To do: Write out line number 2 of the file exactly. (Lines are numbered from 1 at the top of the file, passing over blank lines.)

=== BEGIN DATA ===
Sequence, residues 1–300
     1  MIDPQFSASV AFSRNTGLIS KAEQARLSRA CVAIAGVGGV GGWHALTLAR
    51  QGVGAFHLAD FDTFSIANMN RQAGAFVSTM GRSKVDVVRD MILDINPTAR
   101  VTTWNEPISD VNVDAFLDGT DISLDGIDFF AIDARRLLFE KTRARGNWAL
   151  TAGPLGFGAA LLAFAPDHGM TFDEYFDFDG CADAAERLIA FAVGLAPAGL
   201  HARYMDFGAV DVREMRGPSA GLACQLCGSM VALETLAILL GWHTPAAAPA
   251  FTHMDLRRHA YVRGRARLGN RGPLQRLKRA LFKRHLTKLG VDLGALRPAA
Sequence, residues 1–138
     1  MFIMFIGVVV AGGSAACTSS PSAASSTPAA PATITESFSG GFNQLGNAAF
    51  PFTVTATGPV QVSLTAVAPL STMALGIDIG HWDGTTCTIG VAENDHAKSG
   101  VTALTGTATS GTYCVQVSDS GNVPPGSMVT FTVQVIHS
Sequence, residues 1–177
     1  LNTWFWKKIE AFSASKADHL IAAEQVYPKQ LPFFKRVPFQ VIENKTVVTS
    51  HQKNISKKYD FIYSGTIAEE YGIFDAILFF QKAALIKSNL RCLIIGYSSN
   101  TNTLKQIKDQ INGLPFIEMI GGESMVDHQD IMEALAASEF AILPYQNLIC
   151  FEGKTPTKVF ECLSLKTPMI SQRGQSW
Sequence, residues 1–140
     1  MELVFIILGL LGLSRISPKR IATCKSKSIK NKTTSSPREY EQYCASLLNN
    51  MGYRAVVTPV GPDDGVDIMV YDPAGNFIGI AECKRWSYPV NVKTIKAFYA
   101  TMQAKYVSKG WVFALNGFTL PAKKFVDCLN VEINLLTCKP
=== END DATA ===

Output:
     1  MIDPQFSASV AFSRNTGLIS KAEQARLSRA CVAIAGVGGV GGWHALTLAR